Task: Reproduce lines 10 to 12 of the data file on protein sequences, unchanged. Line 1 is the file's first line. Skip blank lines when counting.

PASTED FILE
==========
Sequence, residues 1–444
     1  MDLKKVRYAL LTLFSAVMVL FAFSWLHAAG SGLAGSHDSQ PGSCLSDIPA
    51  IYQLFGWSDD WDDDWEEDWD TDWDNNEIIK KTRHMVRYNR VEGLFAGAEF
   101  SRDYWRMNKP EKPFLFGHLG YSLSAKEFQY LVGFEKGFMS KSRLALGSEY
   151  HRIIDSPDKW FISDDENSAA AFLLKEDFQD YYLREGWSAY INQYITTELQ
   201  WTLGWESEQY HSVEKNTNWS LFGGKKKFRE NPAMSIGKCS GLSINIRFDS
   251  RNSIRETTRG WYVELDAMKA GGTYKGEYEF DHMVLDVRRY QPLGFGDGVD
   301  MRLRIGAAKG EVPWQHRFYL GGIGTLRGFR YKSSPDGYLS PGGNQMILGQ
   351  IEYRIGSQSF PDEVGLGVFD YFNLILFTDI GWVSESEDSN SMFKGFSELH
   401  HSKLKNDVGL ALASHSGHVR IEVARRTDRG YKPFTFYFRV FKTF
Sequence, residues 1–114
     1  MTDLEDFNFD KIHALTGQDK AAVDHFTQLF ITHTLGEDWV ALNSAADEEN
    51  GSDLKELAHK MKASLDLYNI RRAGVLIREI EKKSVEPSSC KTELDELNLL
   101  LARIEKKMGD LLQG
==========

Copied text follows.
   401  HSKLKNDVGL ALASHSGHVR IEVARRTDRG YKPFTFYFRV FKTF
Sequence, residues 1–114
     1  MTDLEDFNFD KIHALTGQDK AAVDHFTQLF ITHTLGEDWV ALNSAADEEN